It is also a biased one. The Week leans clearly, blatantly to the left, but so does the U.S. and international media it is summarizing so that comes as no surprise. It is published every Friday so I usually receive it in the Saturday evening mail. It has its finger on the pulse of the mainstream news media, and I have found within it lots of quotable material.
The Week has never hesitated to throw the Catholic Church under the bus. In every issue, and at every step along the way, the magazine has highlighted stories about the Catholic sex abuse scandal. Segments of news articles from the United States to Chile and around the globe to Australia have kept a spotlight focus on the abuse crisis in the Church.
There is a problem with spotlights. They cast an intense beam in one place – the place the news media wants you to see – while leaving a much larger truth in darkness. What this story has always needed was a floodlight, and, sadly, the Cardinal McCarrick story provided it.
But in the weeks after the Cardinal McCarrick revelations and all their subsequent fallout, I set my copies of The Week aside without even looking at them. TSW readers were printing and sending me vast amounts of material from Crisis magazine, the Catholic World Report, the National Catholic Register, even Church Militant by Michael Voris. It was a virtual print tsunami of speculation and confrontation from Catholic voices.
Some readers have written to tell me how painful this glut of commentary from Catholic sources has been to read. We were saturated with it. This is why I set my copies of The Week aside without even opening them. If this is what Catholic voices are doing with this story, I thought, then I could only imagine what the secular press has in store for its anti-Catholic drumbeat.
Finally, after plowing through all commentary sent to me from Catholic sources abuzz with the latest version of The Scandal, I summoned my courage. A week after posting my own Cardinal McCarrick story, I steeled myself against the onslaught and read, cover to cover, the copies of The Week I had set aside. They were dated July 27, August 3, and August 10.
To my great shock and a sigh of relief, not one of them even mentioned Cardinal McCarrick or any aspect of this story. It’s hard for me to describe my spontaneous feeling about that. It was one of relief, of course, but it was more than that. It was a feeling that I have not experienced since I was eleven years old and in the 7th grade.
It was the sense of relief I felt then when the school bully, looking for a target, passed me by. When I was 15, and he was still the school bully, I knocked him right on his ass one day, and then he passed by all of my friends as well. But at eleven, he rented space in my psyche.
That’s a key insight. This is how I have seen the secular media throughout this crisis. Its role has not been to inform, but to bully, to demean, to shape the news and to shape our individual and collective responses to it. As a bully, the news media rents space in the psyches of our bishops who have cowered from it and have cowardly toed the line with its rhetoric.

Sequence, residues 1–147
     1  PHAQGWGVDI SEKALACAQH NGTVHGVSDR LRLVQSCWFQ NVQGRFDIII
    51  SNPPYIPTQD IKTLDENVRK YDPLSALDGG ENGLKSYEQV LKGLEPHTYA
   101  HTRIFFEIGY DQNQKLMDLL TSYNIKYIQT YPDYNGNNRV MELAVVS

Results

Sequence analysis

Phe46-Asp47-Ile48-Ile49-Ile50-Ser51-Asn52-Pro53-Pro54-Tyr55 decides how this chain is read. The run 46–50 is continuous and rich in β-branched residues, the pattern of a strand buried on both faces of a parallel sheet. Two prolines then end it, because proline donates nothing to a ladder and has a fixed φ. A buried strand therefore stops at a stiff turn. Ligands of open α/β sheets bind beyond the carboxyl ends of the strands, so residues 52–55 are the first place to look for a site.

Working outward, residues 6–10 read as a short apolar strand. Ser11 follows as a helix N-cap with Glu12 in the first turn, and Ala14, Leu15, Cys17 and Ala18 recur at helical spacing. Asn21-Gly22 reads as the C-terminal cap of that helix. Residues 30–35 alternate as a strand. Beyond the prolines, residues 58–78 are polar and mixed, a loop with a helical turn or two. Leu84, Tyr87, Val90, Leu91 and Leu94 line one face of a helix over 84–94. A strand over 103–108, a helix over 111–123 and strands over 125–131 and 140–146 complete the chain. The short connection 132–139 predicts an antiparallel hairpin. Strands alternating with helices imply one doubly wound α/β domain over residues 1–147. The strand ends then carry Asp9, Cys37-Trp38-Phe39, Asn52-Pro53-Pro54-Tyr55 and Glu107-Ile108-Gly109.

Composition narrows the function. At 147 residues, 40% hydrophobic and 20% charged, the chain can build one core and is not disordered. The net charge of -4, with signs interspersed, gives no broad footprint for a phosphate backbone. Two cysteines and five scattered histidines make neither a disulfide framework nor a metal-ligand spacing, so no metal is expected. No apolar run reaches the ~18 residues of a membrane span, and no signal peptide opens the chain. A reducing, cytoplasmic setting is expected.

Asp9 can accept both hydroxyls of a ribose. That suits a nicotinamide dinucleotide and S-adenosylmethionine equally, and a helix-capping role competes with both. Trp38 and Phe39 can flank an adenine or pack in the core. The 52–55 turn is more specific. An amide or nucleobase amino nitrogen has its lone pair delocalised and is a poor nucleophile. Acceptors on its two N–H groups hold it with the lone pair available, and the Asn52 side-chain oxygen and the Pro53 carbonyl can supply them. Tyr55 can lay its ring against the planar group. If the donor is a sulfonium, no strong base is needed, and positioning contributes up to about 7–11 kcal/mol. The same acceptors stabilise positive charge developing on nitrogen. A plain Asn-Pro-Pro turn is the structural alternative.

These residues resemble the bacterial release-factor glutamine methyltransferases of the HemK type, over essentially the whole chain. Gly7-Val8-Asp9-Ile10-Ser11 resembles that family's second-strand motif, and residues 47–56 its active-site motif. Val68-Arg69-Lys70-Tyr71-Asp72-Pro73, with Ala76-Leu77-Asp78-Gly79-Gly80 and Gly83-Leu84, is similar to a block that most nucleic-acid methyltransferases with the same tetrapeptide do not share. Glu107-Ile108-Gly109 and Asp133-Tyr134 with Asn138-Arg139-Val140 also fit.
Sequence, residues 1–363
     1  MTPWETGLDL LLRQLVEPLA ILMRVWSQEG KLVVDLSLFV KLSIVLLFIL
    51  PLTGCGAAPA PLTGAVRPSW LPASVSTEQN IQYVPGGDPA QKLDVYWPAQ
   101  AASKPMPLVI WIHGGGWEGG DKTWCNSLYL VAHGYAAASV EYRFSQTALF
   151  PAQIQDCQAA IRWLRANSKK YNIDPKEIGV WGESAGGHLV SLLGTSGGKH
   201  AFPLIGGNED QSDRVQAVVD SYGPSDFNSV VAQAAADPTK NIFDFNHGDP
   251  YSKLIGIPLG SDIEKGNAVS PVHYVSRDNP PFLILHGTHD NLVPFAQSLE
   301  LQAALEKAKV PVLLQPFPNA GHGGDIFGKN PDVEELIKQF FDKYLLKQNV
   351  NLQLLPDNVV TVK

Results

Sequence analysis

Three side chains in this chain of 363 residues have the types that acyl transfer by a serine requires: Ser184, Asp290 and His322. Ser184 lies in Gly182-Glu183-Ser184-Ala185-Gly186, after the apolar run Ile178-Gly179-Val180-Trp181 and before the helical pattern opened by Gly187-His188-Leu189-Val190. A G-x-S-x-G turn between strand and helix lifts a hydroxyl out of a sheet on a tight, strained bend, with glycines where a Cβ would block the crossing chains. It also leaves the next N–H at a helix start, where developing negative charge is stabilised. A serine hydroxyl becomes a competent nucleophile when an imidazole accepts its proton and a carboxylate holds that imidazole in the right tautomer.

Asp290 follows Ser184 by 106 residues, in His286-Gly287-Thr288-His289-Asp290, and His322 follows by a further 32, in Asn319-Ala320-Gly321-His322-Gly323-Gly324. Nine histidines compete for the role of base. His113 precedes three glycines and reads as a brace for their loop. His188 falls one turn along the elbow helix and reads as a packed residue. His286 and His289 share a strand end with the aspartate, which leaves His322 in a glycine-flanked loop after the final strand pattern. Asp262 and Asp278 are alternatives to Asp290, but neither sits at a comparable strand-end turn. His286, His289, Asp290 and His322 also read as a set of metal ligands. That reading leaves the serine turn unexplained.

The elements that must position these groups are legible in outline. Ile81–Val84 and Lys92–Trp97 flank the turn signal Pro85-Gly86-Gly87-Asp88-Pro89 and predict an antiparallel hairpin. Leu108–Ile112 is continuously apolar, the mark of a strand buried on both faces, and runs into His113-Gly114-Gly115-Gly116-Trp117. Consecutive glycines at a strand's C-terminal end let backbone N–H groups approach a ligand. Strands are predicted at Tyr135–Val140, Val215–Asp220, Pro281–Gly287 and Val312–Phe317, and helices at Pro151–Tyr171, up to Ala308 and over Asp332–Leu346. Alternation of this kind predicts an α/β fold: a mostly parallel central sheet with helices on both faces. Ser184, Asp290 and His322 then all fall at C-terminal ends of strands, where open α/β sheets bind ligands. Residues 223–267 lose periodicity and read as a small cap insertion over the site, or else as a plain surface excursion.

I initially felt a certain gratitude toward The Week for giving us Catholics a brief respite. It was like a bout of “Stockholm Syndrome,” however, almost like feeling gratitude toward my captors. It didn’t stay that way.
The night before typing this post I awakened with a start at 3:00 AM and I became incredibly angry. The clarity of certain truth came over me and I knew it was truth. We have been played by the media. We are being played right now. There was only one reason why The Week and other media kept silent about McCarrick.
The Cardinal McCarrick story brought focus and clarity that the millstone around the priesthood’s neck for over two decades can now be described in only one way. It is a homosexual scandal.
The mainstream news media is deeply committed to aiding and abetting the “omertà,” the organized silence that withholds from you that truth. I am furious! You should be furious too!
IF YOU WRITE IT, THEY WILL COME
Something else interesting happened after we published “Cardinal Theodore McCarrick and the Homosexual Matrix” at These Stone Walls. Usually, I can only judge the interest in a specific post by the number of people who have commented and by how many have shared it on Facebook and other social media.
The comments on that post were excellent and thought provoking, but the social media response to it was slow and quiet. I believe it was shared about 400 times, but other TSW posts have been shared as many as 25,000 times. Then, about ten days after the above post was published, I received in the mail a printed copy of a Weekly Analytics Report for These Stone Walls. I was shocked to learn that it was the most widely read TSW post thus far in 2018.
Thousands of readers came to it because it was featured at The Big Pulpit, the “Best of the Catholic Web” published by Tito Edwards, and the National Catholic Register. But the report revealed some other interesting things as well. Among the top cities visiting it was Mountain View, California, where it seemed to attract the attention of people at Google Headquarters located there. I made a mental note to keep an eye on that. I have seen some search engine and social media manipulation of both Catholic and conservative sites and even suppression of content.